Three former Northwestern Mutual Life Insurance Company employees who filed a $200-million class-action lawsuit against the company claim they were deprived of minimum wages and overtime pay. The plaintiffs filed the lawsuit in federal court in San Diego, alleging Northwest Mutual misclassified them and hundreds of other employees as independent contractors to save money. Milwaukee-based Northwestern Mutual denies the allegations, pointing to a similar trial it was involved in last year. In that case, a federal judge in Pennsylvania ruled in favor of Northwestern Mutual, saying it had the right to retain certain employees as independent contractors. The plaintiffs named ... Read More

New Orleans is ‘Ground Zero’ of national wage theft epidemic

Hurricane Katrina, a powerful storm surge, and a system of inadequate levies teamed up in 2005 to create an unprecedented level of disaster in the United States. In the wake that followed, New Orleans (along with many other coastal communities in Louisiana, Mississippi, and Alabama) resembled a sea of destruction. New Orleans relied heavily on day laborers to clean up, repair, and rebuild. Sadly, however, recent surveys found that 80% of the Hispanic workers had been cheated out of compensation. The rampant injustice plaguing manual laborers compelled New Orleans City Council President Arnie Fielkow to promote an ordinance that would ... Read More

New York bill to protect farm laborers stalls

The Times Union of Saratoga, New York, published an editorial calling attention to a bill that has stalled in the New York legislature as the state’s Senate fights over which party leads the chamber. The Farmworkers Omnibus Labor Standards Bill seeks to secure some of the most basic labor rights to migrant laborers and other agricultural workers – rights that have protected workers in other industries since the Fair Labor Standards Act established a 40-hour work week and a minimum wage more than 70 years ago. The proposed labor bill would establish a standard 8-hour work day for agricultural workers. ... Read More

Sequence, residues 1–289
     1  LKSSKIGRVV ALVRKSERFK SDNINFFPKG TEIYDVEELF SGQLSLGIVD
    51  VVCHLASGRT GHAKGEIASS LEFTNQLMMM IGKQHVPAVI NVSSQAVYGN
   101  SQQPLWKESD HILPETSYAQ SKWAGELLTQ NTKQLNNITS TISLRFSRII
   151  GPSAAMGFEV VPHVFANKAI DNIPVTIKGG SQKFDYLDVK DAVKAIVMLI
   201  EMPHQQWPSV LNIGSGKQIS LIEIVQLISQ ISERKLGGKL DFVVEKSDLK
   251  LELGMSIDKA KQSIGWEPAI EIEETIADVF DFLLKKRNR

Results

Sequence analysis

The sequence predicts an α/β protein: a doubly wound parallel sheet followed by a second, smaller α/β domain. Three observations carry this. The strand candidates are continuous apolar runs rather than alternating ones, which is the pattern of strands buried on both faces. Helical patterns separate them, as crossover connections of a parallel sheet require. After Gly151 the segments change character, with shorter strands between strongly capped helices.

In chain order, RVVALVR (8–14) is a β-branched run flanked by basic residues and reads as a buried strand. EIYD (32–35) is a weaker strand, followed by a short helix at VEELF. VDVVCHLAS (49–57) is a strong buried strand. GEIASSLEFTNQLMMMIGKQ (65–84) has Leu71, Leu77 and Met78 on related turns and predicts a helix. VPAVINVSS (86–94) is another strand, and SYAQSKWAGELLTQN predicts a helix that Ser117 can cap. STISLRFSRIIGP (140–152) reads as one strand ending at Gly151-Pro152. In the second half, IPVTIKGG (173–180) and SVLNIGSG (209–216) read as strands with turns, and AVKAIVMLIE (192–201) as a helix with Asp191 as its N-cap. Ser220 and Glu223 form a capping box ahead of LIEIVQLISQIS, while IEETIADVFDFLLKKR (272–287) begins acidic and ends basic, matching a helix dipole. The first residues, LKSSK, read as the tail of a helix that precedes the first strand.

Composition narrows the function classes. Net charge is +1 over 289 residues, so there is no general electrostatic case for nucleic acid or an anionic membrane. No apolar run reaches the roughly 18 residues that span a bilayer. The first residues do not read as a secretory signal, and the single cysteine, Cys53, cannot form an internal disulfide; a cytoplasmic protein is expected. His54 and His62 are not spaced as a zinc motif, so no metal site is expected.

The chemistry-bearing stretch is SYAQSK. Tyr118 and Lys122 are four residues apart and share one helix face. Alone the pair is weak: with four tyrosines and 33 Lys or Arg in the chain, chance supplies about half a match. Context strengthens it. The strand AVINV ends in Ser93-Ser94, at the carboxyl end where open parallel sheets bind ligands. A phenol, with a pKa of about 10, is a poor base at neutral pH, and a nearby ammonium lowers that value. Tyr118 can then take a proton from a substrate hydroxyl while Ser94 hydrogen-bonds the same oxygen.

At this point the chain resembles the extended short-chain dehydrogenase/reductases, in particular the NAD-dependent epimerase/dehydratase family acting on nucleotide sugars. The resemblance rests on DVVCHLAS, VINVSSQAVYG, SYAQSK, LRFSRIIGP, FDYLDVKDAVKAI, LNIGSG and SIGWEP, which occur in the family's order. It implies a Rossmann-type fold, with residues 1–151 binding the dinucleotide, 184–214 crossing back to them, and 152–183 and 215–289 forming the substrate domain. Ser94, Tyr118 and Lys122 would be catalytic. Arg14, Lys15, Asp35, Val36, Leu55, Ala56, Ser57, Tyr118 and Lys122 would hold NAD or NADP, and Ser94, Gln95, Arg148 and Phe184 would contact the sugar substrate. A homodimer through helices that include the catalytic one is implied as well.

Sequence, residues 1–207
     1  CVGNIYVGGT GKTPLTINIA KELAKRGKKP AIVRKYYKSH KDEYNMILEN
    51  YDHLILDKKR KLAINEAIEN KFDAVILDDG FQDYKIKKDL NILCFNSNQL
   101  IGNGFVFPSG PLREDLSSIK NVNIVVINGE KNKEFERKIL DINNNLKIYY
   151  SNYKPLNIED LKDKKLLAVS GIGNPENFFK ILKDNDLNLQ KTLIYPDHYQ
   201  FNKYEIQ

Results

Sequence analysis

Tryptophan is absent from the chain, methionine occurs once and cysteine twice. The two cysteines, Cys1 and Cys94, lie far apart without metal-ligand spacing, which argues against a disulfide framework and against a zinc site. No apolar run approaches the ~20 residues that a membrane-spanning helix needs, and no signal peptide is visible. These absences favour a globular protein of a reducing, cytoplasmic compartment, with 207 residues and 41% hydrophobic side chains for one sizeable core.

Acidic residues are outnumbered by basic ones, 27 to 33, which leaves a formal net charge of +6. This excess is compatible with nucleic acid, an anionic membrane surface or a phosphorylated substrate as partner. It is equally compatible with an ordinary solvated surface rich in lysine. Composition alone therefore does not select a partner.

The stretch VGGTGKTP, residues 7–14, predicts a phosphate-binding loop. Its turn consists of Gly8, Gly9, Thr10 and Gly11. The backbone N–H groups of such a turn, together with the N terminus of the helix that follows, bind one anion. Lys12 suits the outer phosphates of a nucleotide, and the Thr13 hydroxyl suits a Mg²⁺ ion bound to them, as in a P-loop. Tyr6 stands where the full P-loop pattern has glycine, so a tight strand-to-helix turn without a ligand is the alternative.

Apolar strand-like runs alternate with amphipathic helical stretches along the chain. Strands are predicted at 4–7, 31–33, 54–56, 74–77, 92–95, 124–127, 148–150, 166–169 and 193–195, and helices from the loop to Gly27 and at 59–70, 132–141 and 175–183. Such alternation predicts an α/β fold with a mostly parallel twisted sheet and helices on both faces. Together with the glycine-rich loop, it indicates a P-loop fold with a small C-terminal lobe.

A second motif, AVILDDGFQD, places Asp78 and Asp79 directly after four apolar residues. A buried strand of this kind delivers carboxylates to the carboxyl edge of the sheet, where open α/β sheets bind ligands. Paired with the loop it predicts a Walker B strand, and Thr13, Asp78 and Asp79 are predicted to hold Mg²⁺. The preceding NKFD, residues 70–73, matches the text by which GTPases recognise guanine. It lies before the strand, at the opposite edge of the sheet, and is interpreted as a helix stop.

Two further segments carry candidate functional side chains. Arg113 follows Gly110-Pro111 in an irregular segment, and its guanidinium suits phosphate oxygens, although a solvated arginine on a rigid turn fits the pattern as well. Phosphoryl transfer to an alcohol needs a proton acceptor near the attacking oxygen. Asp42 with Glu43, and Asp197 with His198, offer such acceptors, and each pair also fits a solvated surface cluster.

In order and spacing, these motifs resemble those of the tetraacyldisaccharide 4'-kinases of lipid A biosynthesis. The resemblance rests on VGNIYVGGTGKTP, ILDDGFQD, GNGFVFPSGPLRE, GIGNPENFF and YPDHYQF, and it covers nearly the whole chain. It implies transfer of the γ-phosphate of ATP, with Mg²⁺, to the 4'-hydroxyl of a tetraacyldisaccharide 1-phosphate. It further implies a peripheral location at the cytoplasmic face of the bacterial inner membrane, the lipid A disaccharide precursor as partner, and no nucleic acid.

Nashville workers settle FLSA complaint against employer

A Nashville car wash company has reached a settlement with three employees who claim they weren’t paid for several hours of work. The minimum-wage employees sued Shur-Brite Hi Speed Car Wash, alleging the company’s owners clocked them in and out throughout the day, depending on how busy their work shifts were. The agreed settlement for $130,000 will be distributed among 120 employees, who, like the plaintiffs, weren’t being paid for hours spent on the job. According to the Department of Labor’s Wage and Hour Division, compensable hours include all the time that an employee is required to be on the ... Read More

Teddy bear company cited for FLSA child labor violations

Build-A-Bear-Workshop Inc. is listed on Fortune’s 2009 list of the “100 Best Companies to Work for,” but the U.S. Department of Labor’s Wage and Hour Division disagrees — at least where the company’s youngest employees are concerned. The government agency cited the St. Louis-based company for violations of child labor provisions of the Fair Labor Standards Act and ordered it to pay $25,600 in civil penalties. Build-A-Bear Workshop, an international retailer with more than 400 locations worldwide, allows customers to design and create their own teddy bears. The Wage and Hour Division found that many Build-A-Bear’s Midwestern retail locations violated ... Read More

Teenager’s death leads to multiple FLSA and OSHA fines for Georgia company

The U.S. Department of Labor’s Wage and hour Division has ordered a Suwanee, Georgia-based demolition company to pay a steep penalty for violating child labor laws after a teenage employee died on the work site. The teenager, an employee of Demon Demo Inc., was working on a demolition site at Macy’s in the Gwinnett Place Mall when he fell from the third story of the building. The boy had been tossing debris off the building when he fell. The fine was the first one issued by the Wage and Hour Division under the Genetic Information Nondiscrimination Act of 2008 – ... Read More

Solis works to revamp and empower Wage and Hour Division

The Department of Labor’s Wage and Hour Division, under which the Fair Labor Standards Act came into existence in 1938 as part of a nationwide effort to protect working class citizens from corporate exploitation and abuse, may be on the mend after an long era of being little more than a bureaucratic entity. In March, Secretary of Labor Hilda L. Solis announced her intentions to revamp and empower the Wage and Hour Division, saying that she would increase the Division’s staff size by a third in an effort to “refocus the agency on [its] enforcement responsibilities.” The addition of new field investigators, ... Read More